Q: BART around the Bay? NOOOOOO!!!
Tom Farrell, Santa Clara
A: Why is that?
Q: Has your reader Dave Gunter who suggested that idea ever ridden BART or Caltrain? I doubt it. If he has, he would never suggest replacing Caltrain with BART. Why is Caltrain better than BART? Let me count the ways.
- Caltrain is way quieter. Neither is very quiet, but BART screeches like a banshee.
- BART is a financial black hole. Santa Clara County has passed three sales taxes since 2000 to bring BART there and we still don’t know when those stations on the east side will open, let alone when it gets to Diridon and Santa Clara.
- Caltrain is proceeding with electrification and grade separations. I realize each county has to give some of its sales tax revenue to Caltrain, but it doesn’t seem as much of a drain on the public coffers as BART is.
- Caltrain is way more bike-friendly. It was way ahead of BART in terms of allowing bikes on its trains, it has way more space to accommodate bicycles, and it provides bungee cords for your bike. On BART, you have to sit or stand near your bike and hold it so it doesn’t fall over.
- You can eat (and even drink booze) on Caltrain.
A: Whoa. A column last week suggesting that BART someday go from Santa Clara to Millbrae brought out the “I love Caltrain” crowd.
Q: Are you aware that a well-implemented Caltrain electrification program will make BART between Millbrae and San José redundant and unnecessary? Beginning in 2023, Caltrain will be running eight trains an hour during peak periods and could run trains as often as every quarter-hour during the rest of the day.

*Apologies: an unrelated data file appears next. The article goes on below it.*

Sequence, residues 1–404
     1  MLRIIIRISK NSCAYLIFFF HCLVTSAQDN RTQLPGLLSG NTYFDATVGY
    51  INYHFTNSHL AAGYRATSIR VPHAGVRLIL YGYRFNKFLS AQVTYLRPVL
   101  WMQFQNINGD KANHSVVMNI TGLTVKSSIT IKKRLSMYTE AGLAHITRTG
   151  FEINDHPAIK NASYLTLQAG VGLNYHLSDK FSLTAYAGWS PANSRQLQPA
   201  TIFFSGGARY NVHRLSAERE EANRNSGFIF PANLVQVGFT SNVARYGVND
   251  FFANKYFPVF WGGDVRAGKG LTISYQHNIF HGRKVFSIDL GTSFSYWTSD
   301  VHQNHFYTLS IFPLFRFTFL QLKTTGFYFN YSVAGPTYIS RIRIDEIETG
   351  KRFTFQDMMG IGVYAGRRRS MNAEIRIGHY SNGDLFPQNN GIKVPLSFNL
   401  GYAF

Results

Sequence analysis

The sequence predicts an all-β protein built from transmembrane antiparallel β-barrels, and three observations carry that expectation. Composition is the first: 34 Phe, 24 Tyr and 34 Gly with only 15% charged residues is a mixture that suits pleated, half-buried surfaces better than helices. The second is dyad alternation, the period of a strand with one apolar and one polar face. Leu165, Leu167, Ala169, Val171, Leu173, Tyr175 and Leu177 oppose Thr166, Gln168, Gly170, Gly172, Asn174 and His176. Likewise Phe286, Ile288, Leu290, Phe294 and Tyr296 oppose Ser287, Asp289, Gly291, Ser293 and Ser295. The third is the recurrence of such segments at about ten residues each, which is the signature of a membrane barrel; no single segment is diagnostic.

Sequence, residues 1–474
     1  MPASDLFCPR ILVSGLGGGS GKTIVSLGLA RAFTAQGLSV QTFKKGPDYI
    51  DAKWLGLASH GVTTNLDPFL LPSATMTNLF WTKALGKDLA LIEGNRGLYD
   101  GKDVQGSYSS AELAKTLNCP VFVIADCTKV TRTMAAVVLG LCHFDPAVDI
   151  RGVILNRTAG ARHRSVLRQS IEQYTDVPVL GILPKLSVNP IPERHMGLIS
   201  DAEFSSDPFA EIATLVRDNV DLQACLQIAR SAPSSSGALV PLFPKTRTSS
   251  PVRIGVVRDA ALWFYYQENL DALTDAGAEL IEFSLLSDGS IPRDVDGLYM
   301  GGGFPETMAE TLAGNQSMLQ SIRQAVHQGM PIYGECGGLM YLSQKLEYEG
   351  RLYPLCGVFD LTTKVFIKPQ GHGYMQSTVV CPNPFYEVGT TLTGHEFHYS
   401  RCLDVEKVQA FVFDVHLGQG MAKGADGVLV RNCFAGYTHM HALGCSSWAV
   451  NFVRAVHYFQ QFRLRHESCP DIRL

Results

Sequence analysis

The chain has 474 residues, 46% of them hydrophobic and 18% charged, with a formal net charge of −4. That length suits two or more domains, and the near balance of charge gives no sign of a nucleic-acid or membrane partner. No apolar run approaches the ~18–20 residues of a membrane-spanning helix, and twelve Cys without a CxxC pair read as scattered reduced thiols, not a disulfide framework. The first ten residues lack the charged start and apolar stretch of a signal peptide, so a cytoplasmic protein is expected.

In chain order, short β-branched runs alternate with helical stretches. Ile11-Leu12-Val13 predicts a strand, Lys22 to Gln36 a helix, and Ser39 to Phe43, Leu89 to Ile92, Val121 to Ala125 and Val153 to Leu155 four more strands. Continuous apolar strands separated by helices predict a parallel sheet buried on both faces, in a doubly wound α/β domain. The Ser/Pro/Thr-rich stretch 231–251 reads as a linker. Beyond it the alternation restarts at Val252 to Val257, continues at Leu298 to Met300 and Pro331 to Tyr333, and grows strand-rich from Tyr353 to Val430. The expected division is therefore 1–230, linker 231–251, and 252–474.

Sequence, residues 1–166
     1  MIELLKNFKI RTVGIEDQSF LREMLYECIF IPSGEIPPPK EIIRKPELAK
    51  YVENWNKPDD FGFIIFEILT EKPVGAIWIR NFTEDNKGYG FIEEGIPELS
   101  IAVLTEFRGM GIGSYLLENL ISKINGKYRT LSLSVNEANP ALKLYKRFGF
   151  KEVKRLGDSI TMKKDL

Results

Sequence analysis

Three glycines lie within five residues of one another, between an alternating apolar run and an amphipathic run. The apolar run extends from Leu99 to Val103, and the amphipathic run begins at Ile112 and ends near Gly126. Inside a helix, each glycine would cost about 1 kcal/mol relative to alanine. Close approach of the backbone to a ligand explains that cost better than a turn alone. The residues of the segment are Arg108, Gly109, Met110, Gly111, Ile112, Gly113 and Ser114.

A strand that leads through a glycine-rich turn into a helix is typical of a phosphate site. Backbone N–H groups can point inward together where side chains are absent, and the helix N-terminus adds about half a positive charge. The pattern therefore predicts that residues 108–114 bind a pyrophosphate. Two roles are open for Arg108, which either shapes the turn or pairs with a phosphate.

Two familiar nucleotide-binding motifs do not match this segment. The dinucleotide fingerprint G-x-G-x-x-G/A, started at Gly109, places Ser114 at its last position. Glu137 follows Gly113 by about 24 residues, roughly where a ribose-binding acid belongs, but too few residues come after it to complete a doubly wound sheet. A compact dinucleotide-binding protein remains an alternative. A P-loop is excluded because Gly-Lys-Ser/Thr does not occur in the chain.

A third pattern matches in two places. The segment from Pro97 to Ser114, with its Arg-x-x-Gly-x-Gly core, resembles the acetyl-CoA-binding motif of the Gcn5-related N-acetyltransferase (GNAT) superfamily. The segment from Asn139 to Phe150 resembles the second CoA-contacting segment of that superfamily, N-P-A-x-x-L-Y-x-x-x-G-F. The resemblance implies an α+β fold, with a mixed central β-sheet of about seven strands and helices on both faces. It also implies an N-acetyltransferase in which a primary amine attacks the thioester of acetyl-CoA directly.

Cliff Bargar/, San Francisco
A: Caltrain says ridership could surge to 180,000 a day in the next two decades, with express trains every 15 minutes. It now carries 65,000 passengers a day.
And 75 percent of Caltrain’s diesel trains will be replaced.
Q: Caltrain service isn’t flawless, but delays are usually because of trespassers on the tracks, or because something on one of the old trains has failed. With electrification will come new trains, more separated crossings, and (hopefully) more passing tracks in places like Redwood City.
BART on the Peninsula has insurmountable challenges. BART is a local train, while Caltrain has express service, making Caltrain much faster. Replacing Caltrain with BART would also require the colossal expense of entirely new tracks, trains, and signaling. BART around the Bay is not realistic.
Duncan Keefe, San Jose
A: Colossal indeed.
BART up the Peninsula? Horrible idea, they say: Roadshow